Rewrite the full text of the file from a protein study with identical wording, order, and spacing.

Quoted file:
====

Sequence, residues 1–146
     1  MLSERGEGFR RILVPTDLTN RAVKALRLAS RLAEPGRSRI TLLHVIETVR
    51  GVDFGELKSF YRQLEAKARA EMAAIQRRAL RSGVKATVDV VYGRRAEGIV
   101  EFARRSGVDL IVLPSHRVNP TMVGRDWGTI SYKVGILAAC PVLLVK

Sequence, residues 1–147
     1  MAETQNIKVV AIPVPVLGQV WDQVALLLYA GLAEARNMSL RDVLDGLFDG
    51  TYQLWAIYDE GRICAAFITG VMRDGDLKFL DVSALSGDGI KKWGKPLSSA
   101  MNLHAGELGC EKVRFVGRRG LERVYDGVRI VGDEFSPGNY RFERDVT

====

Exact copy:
Sequence, residues 1–146
     1  MLSERGEGFR RILVPTDLTN RAVKALRLAS RLAEPGRSRI TLLHVIETVR
    51  GVDFGELKSF YRQLEAKARA EMAAIQRRAL RSGVKATVDV VYGRRAEGIV
   101  EFARRSGVDL IVLPSHRVNP TMVGRDWGTI SYKVGILAAC PVLLVK

Sequence, residues 1–147
     1  MAETQNIKVV AIPVPVLGQV WDQVALLLYA GLAEARNMSL RDVLDGLFDG
    51  TYQLWAIYDE GRICAAFITG VMRDGDLKFL DVSALSGDGI KKWGKPLSSA
   101  MNLHAGELGC EKVRFVGRRG LERVYDGVRI VGDEFSPGNY RFERDVT